This is a more personal exposition, but because my Feminine Mystique posts may have been a jumble of ambiguity to those who wondered what I really think, I want to break it down a bit. I have learned the hard way that nothing goes without saying anymore. Everything which follows is offered from the perspective of my Christian worldview.
The book was pretty much what I expected. Liberals are quite predictable. They identify a thing that rightly needs to be addressed, and then offer a poison pill as the answer to the problem. Having had only secondary knowledge of the book mostly presented from the perspective of devoted feminists or devoted anti-feminists, I wanted to read it for myself. I’ve learned to mistrust the assertions of rabid ideologues.
What Friedan got right: It is silly and anti-Biblical to relegate women to a domain solely related to what they produce sexually. The notion that a woman is designed by God, filled with His Spirit, endowed with gifts, and no one except husband and kids is supposed to reap the benefit is nuts. When you look at Friedan’s source material, it’s easy to see that something had gone terrible wrong. After WWII, women reverted almost to a Disney Princess existence, where all of life -including attending college!- was about snagging a husband. Then upon marriage, nothing mattered but keeping the house perfectly clean and the husband perfectly happy. I’m all for clean houses and happy husbands, but stay with me.
What Friedan got terribly wrong -and feminists today, including Christian feminists get wrong- is this notion that women were unfulfilled at home because they were excluded from the greater world, and that the way to bridge that gap was to leave their homes and go to work. WRONG!
We can be homemakers, full time housewives, and make a difference in the world through the use of our gifts and talents. I will use my life as an example. I have been at home 24 years. When our older girls were in school, I volunteered at their school two mornings a week. I taught several struggling students how to read, offered them love and encouragement, and it only cost me three hours a week. My home was not neglected. This was before we entered the glorious years of homeschooling.
A Christian friend of mine from our neighborhood taught a parenting class in the school based on the book “Boundaries with Kids” and I helped facilitate it. I was on both the PTA and the SCA. I served in the greeter’s ministry at our church two Sunday mornings per month, and authored and published the monthly newsletter for the helps ministry.
Later, our entire family, led by my husband, served in our city’s men’s homeless shelter twice a month for over 10 years. We cooked for those men, served them, prayed with those men, and our children from earliest ages were right there with us. When our 4th and 5th children arrived, my life slowed down tremendously, but we still worked with the homeless although my role moved farther into administrative stuff through the outreach ministry until the two youngest were tall enough and coordinated enough to fill ice glasses and roll silverware. They were 4 and 6.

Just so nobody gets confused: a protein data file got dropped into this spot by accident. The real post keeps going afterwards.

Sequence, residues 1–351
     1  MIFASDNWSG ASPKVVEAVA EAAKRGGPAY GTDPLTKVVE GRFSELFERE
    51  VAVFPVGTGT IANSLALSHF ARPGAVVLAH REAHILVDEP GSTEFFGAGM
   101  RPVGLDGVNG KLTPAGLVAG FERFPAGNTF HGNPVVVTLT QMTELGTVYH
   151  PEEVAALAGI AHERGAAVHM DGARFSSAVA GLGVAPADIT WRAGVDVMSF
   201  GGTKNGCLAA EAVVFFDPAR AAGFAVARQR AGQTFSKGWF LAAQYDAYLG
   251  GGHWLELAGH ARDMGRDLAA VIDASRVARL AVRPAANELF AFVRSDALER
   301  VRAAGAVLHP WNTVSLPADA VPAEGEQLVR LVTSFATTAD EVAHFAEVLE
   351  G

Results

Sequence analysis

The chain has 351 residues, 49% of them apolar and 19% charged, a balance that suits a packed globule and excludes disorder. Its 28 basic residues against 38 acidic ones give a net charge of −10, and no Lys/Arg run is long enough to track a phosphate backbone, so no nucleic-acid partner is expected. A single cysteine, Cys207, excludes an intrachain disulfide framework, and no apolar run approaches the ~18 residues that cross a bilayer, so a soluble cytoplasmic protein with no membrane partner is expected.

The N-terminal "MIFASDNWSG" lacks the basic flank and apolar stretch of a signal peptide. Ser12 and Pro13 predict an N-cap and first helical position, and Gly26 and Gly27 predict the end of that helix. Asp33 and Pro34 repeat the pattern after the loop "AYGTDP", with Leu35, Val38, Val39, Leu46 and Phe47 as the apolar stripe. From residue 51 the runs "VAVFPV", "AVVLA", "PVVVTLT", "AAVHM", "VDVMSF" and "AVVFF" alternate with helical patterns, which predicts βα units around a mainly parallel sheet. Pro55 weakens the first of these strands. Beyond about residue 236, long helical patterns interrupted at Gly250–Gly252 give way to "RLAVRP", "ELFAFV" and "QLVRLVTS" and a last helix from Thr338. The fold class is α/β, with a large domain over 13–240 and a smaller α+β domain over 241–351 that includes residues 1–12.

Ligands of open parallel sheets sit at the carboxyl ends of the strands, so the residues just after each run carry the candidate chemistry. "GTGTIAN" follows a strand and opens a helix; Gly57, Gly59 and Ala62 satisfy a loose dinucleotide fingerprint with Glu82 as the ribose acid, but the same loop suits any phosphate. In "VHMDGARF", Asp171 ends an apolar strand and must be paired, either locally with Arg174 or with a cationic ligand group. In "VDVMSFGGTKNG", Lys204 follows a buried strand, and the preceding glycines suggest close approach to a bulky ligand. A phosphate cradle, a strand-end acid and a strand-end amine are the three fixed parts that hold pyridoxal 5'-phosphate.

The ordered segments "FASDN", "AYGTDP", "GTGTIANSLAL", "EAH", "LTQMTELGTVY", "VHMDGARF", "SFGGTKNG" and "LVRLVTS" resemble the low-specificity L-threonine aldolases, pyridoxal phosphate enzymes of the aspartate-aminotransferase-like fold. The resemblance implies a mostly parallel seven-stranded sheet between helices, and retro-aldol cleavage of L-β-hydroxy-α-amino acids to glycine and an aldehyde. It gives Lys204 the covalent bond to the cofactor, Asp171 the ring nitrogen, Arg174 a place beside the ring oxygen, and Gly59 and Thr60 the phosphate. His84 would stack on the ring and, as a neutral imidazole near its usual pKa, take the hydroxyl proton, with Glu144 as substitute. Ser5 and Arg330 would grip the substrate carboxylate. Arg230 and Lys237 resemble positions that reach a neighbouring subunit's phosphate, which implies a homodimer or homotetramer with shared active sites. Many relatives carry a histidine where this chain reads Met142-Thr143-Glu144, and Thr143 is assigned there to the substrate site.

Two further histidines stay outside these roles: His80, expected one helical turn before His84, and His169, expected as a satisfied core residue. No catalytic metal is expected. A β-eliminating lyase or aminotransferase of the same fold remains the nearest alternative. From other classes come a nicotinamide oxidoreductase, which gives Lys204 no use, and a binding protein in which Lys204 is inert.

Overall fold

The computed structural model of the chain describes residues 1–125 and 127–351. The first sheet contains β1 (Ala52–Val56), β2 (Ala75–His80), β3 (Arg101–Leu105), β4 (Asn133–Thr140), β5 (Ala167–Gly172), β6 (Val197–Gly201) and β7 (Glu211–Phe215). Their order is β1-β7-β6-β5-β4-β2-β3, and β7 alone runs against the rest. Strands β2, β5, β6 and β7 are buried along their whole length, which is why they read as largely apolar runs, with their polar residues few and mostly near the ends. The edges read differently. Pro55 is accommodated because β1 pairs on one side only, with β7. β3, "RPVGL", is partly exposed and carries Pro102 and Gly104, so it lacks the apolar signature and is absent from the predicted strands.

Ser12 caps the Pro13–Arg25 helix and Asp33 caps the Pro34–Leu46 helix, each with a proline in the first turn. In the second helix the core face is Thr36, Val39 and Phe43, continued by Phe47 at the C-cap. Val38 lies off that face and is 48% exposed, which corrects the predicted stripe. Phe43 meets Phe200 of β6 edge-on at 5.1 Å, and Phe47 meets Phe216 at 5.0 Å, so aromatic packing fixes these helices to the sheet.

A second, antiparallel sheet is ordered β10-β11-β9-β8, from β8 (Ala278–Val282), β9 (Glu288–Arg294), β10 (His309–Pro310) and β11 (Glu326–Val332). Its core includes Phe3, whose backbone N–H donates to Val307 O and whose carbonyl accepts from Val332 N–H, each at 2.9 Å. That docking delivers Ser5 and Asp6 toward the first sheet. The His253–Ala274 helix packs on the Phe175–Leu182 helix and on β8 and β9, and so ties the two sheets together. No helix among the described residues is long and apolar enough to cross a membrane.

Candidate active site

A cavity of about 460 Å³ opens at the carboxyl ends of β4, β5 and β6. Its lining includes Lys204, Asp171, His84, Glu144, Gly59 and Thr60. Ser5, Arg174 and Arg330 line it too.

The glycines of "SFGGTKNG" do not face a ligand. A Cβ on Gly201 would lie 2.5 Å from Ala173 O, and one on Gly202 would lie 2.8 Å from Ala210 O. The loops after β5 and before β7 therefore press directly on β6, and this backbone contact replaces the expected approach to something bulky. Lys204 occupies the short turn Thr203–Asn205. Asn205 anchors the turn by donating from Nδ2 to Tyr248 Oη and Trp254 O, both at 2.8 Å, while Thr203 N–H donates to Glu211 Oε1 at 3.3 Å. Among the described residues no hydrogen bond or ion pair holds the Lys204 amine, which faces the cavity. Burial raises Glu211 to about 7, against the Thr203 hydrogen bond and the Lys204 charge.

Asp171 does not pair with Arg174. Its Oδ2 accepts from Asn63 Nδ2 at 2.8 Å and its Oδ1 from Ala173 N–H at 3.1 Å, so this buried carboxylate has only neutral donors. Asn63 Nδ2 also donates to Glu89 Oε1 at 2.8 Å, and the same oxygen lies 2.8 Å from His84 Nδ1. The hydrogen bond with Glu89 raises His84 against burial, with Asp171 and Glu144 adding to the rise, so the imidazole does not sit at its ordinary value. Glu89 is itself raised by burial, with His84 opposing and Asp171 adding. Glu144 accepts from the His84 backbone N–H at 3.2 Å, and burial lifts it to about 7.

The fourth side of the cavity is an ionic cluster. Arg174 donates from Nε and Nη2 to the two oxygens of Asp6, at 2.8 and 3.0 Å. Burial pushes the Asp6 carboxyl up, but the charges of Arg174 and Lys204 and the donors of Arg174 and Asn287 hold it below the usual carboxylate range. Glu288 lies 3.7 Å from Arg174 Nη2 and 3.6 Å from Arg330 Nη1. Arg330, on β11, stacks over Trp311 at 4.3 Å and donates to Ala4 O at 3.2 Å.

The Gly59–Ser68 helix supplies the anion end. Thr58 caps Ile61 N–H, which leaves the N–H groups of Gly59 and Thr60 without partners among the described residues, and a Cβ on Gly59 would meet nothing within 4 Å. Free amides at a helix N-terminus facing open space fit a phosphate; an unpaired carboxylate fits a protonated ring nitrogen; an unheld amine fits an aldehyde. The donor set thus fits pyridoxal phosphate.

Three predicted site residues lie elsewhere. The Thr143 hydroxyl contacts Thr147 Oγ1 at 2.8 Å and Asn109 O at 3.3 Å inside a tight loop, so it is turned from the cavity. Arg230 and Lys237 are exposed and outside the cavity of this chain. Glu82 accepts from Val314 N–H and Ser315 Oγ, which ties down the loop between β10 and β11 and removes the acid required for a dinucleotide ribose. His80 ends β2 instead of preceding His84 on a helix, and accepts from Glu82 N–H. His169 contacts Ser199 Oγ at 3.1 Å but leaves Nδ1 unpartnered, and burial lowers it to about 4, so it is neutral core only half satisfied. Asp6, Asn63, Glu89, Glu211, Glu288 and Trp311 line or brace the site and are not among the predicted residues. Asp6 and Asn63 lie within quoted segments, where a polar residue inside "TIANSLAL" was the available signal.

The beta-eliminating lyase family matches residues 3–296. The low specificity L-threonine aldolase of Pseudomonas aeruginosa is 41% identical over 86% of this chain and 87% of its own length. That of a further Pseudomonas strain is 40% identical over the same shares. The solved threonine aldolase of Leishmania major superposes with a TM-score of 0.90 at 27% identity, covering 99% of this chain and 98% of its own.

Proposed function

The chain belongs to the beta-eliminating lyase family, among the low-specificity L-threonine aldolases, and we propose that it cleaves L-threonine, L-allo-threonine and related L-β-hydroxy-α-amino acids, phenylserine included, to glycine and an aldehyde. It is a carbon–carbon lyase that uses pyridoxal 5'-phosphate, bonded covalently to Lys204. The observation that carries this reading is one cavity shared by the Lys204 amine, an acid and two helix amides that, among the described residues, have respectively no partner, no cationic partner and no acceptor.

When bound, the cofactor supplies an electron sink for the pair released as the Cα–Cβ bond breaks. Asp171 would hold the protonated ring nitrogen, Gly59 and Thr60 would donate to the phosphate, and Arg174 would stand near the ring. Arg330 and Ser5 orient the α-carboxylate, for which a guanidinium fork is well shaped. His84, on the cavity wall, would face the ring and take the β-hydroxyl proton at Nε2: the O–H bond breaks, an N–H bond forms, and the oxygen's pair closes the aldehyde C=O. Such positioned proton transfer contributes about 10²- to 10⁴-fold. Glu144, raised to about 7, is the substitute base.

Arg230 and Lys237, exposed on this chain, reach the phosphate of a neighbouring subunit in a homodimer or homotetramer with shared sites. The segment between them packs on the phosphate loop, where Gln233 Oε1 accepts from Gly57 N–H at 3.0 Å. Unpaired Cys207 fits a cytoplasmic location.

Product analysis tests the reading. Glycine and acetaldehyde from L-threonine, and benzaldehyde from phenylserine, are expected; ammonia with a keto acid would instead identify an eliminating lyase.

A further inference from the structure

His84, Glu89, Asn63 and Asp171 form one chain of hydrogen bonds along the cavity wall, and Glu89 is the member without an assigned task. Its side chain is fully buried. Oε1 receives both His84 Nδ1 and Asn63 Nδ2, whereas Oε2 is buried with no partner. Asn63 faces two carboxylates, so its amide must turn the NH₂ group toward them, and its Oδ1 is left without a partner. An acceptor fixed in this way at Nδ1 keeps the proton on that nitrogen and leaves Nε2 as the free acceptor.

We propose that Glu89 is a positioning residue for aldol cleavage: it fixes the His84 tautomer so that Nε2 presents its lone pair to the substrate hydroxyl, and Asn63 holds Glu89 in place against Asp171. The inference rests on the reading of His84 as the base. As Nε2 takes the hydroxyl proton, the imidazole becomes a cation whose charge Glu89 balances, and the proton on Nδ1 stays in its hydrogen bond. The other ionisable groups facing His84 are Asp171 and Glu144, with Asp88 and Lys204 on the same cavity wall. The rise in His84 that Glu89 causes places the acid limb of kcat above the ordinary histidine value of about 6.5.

During the slower years, I started taking my babies with me to visit a couple of elderly widows in our subdivision, and boy did they love being able to play with my cute little babies!
Now we homeschool, but we also utilize a classical group two days a week. I teach a literature and writing class there in exchange for a tuition break. Again, no career, but I am contributing to a community. Not to worry though. My house is clean and my husband is happy.
Who in their right mind would say I hadn’t contributed to the world outside of my home? Who would claim that my contributions would have been greater if they were offered in the form of a career? Friedan certainly would, but a decent chunk of traditional Christian teachers of women might argue that I dedicated too much energy outside of my home, even though I was doing exactly as my husband directed, and even though my kids and home were well taken care of. Americans, including Christians, have almost completely abandoned the role of women as community builders. What better way to use our gifts?
This is why I get disturbed by and perturbed with people on both sides of this argument. One wants woman to abandon her home and the other wants to imprison her in it. Neither is what God intended.
Currently, I am considering classes to prepare me for what I hope is a book that serves as a much better Christian approach to femininity for a group of women who are by and large, in a very tough spot on these issues. Many of my females relations and friends, even those who love me dearly, view me as either highly privileged or very weak for situating my life so fully dependent on my husband.
You see, we don’t have these “to stay at home or not to stay at home” debates among black women. It is largely accepted that most black women cannot stay home. I want to talk about how we can change that for our daughters’ generation besides simply saying, “Marry a man of a different race!” which is basically the prescription being offered to single, childless black women right now. When I write it, I want it to be readable, hence school.
I thought it was only fair when I reviewed the book to be honest about the fact that even a broken clock is right twice a day. Acknowledging that Betty Friedan raised some very good questions isn’t to say I think her conclusions or prescriptions were correct.
Because I don’t.